A full normalization of ties between the U.S. and Cuba will not occur, says Cuban leader Raul Castro, until the U.S. lifts the trade embargo, ends its “illegal” occupation at the Guantanamo Bay military base, stops “destabilizing” broadcasts to Cuba and compensates Cubans for economic damages.
In his first ever speech at the United Nations General Assembly, President Castro said his government would continue to introduce a draft resolution against the U.S. trade embargo at the U.N. as long as the embargo remained in place.
U.S. President Barack Obama has voiced support for lifting the embargo, a procedure that would require congressional action.
Earlier Monday, President Obama told the U.N. that while the U.S. continues to have “differences” with Cuba, on issues such as human rights, these differences would now be addressed through channels that included diplomatic relations.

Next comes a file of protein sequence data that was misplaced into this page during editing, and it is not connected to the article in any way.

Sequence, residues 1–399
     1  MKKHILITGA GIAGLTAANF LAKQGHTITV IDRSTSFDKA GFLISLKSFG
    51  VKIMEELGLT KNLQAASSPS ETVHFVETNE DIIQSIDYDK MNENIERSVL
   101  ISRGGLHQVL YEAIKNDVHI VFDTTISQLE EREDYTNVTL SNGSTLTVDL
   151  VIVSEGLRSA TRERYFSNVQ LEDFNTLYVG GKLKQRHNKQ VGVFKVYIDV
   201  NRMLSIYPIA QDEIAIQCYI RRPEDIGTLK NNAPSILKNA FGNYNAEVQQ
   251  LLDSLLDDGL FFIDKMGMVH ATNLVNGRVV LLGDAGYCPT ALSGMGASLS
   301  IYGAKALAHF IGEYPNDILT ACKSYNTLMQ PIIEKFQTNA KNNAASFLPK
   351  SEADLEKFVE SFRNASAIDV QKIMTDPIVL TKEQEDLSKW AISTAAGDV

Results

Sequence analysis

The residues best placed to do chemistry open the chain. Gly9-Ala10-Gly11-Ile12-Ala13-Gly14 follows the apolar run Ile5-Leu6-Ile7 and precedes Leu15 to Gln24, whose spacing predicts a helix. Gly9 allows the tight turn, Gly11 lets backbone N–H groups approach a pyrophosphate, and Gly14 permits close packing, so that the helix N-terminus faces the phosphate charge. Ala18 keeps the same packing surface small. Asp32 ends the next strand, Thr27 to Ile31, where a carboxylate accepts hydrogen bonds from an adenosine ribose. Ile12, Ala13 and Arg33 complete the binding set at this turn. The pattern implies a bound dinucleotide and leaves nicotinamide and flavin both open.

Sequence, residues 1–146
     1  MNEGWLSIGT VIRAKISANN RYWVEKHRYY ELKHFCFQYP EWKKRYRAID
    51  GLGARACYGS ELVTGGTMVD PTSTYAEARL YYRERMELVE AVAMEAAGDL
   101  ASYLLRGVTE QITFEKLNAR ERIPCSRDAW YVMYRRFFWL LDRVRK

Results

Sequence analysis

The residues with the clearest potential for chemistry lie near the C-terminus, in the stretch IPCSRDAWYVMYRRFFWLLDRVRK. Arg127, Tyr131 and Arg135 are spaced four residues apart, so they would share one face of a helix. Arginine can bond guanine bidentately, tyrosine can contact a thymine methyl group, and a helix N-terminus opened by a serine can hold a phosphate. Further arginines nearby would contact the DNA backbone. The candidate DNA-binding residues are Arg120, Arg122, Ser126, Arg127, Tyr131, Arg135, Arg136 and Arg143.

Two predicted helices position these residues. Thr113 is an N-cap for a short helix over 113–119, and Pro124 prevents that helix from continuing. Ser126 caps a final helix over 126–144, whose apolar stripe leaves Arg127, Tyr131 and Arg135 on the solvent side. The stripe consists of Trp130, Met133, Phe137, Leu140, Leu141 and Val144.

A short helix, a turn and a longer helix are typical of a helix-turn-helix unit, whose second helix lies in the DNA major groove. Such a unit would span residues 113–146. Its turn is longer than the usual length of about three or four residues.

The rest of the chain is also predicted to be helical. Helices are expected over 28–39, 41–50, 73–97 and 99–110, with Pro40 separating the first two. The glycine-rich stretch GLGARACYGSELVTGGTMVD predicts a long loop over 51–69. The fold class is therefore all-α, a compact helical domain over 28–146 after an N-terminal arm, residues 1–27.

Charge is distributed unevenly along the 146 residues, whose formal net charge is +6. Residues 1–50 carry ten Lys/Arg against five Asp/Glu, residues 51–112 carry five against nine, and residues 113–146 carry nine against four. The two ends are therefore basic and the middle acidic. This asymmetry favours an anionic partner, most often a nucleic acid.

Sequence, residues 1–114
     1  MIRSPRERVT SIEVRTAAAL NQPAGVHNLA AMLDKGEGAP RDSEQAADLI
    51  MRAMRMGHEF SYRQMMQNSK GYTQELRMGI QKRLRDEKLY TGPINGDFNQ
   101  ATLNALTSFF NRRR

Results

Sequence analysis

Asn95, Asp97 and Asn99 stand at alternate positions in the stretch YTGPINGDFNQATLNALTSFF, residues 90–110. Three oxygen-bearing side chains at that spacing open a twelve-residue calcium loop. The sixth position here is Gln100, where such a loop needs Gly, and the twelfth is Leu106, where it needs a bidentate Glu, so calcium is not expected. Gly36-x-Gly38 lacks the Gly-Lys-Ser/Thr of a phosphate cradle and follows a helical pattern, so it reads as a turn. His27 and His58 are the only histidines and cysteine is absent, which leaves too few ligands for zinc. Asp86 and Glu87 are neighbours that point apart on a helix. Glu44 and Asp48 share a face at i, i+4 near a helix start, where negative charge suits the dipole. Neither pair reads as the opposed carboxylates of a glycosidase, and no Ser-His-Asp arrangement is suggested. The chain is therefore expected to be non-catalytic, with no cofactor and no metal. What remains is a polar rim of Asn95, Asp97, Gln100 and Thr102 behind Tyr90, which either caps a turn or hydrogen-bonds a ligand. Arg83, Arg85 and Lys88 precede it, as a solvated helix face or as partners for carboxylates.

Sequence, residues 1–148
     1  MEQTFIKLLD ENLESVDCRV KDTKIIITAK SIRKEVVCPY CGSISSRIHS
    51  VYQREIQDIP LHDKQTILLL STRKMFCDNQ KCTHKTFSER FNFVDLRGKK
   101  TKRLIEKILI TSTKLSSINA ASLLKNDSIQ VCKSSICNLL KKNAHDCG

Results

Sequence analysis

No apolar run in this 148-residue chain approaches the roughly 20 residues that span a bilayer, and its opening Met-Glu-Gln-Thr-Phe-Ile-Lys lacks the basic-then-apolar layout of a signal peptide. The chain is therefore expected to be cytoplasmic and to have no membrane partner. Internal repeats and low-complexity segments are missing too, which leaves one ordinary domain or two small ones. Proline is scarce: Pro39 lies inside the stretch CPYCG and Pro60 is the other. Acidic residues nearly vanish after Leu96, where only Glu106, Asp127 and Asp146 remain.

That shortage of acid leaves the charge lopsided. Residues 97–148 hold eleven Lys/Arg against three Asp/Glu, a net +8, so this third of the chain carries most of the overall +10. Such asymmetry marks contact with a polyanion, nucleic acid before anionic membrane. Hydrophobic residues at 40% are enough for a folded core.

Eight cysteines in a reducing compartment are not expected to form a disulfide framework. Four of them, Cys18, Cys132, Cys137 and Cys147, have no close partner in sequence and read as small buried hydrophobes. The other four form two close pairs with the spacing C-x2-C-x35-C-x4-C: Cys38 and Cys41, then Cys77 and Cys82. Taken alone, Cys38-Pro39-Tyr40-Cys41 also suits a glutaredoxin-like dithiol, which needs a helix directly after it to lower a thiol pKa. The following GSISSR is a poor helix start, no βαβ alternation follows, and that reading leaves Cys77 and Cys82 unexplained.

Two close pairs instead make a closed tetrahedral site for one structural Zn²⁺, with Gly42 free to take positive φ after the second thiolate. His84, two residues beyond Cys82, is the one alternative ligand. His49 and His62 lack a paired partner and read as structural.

“Change won’t come overnight to Cuba,” said Obama.
President Obama said he was confident that “openness, not coercion” would “support the reforms and better life the Cuban people deserve.”
The president drew applause when he said he was confident that Congress would eventually lift the trade embargo.
Meeting on the Sidelines
President Obama and Castro are set to meet on the sidelines of the U.N. General Assembly, on Tuesday, their second meeting this year.
The two leaders sat down for talks, in April, during the Summit of the Americas in Panama.
Earlier this year, Cuba and the U.S. reopened their embassies. Cuba announced that Jose Cabanas, a veteran diplomat, would serve as the country’s first ambassador to the U.S. in over half a century. The U.S. has not named its ambassador yet.
Pope Francis hailed the U.S. and Cuba’s efforts to restore relations, last week, during his visit to the island nation, calling it an “example of reconciliation for the entire world."
During his speech, President Castro also addressed conflicts in other regions of the world, including the civil unrest in Syria.
He said the Syrian people were “capable of resolving their disputes by themselves” and demanded the end to what he called “external interference” in the country.
In terms of the Israeli – Palestinian conflict, he said a “fair and lasting solution” would require allowing Palestinians to exercise their “inalienable right” to build their own state, with a capital in East Jerusalem.